The ability to grow brain and spinal cord nerve cells is present at birth- and starts to disappear just like that as we age. So, when we incur an injury to the spine or the brain- the axons (as discussed earlier) can’t regenerate. It is thought that since these areas are replete with nerves and nerve fibers, they send signals to stop new connections from forming. By stopping new pathways from forming, our brain can’t be confused with by incorrect signals that could result from the new pathways.
When a finger is, unfortunately, severed, it can be reattached surgically. Most times, the nerve fibers grow back and develop valid connections. That’s why the finger can be used properly, with time. That does not happen with spinal cord injuries. In this region, compounds are produced, axon regeneration inhibitors (these chemicals provide the signals described above), that stop such regeneration.
A team of researchers at Harvard University, UC San Diego and UC Irvine are trying to change just that, by switching on the pathway that turns off our ability to regenerate the nerve cells. The two lead researchers, Osward Steward and Zhigang He, have been studying nerve plasticity- the ability of nerves to grow or make new connections to bypass damaged areas, for some time. Their research found that PTEN (phosphatase tensin homolog), a tumor suppression gene, seems to be critical in the diminuation of neural regrowth. By removing the PTEN gene, mTOR concentrations increased; together these seemed to be the critical controllers of corticospinal neuron regeneration. On young mice, they found significant spinal cord nerve regeneration. The results of this study will be published soon in Nature Neuroscience. .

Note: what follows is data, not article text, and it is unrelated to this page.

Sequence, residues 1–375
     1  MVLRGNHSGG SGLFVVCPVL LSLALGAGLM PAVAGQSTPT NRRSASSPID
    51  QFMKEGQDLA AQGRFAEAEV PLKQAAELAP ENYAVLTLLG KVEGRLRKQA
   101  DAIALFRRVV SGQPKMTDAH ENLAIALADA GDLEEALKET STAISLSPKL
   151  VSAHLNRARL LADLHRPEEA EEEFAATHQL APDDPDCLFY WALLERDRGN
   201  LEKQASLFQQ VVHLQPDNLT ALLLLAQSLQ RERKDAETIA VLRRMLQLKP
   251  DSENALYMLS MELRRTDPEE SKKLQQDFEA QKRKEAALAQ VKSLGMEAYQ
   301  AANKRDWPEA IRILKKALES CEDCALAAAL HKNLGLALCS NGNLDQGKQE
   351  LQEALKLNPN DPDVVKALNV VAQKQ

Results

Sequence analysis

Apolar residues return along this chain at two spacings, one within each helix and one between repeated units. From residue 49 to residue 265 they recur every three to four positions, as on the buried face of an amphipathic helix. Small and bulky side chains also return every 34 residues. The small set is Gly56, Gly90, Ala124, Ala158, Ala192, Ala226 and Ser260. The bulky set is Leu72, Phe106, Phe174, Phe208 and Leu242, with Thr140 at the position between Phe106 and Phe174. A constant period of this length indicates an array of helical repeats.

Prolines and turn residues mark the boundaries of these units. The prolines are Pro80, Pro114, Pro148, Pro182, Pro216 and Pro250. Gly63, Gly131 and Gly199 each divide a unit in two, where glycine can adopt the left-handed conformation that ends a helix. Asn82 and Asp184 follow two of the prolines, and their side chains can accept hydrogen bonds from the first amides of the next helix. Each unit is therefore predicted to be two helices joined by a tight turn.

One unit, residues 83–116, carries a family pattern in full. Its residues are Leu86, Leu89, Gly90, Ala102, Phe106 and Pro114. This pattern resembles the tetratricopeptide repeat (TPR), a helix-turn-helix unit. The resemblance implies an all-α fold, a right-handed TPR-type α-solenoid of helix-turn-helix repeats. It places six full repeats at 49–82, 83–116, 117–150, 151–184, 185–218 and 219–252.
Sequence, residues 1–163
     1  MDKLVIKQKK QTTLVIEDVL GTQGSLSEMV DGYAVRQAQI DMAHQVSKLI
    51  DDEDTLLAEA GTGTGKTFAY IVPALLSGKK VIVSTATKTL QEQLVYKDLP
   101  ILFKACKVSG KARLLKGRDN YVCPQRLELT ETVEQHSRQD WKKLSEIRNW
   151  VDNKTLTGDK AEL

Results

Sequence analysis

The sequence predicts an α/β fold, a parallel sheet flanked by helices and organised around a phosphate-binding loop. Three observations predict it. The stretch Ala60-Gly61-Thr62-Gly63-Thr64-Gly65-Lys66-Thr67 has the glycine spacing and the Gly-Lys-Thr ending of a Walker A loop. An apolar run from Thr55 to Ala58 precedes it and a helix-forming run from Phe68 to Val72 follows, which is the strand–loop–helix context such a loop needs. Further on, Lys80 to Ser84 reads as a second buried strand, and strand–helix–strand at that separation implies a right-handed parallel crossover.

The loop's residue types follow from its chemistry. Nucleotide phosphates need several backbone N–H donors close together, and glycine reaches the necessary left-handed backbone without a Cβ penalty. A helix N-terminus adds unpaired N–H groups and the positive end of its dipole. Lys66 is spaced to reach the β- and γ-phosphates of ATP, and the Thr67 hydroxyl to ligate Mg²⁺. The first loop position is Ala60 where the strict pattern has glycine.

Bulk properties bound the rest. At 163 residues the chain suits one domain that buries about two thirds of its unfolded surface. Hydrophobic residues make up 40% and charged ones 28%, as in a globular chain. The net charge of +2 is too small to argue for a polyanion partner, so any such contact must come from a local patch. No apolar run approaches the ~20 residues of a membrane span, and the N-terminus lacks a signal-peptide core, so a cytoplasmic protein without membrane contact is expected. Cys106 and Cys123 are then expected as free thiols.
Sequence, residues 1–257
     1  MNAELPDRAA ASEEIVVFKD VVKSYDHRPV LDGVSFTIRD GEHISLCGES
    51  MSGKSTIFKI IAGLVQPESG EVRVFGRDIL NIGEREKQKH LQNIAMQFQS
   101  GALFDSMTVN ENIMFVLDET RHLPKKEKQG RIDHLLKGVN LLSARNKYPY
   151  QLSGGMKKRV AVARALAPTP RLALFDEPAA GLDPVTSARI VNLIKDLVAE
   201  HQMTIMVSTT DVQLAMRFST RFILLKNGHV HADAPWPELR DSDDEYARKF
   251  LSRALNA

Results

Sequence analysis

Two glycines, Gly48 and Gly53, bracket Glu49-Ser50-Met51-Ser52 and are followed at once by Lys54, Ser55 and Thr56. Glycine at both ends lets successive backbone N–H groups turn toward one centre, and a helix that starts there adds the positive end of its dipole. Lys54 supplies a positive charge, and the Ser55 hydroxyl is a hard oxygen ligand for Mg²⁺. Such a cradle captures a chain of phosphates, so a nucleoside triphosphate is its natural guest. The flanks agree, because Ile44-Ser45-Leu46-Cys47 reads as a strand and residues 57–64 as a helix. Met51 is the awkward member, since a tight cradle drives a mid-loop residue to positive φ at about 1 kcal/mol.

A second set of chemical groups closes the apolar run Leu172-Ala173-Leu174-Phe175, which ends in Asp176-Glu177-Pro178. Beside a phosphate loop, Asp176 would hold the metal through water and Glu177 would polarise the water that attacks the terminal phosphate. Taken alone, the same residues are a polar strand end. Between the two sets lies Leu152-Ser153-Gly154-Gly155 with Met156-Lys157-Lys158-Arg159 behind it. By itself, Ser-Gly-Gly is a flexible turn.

This research was predicated upon the removal of the gene. It will be critical to find a means to turn off the pathway, for it to have utility for humans, as opposed to removing genes. It is also unclear if this process would work in adult mice; the research used young mice, which may not have lost all their ability to regrow nerve cells. It should be noted that this new result is not going to find its way to human trials soon.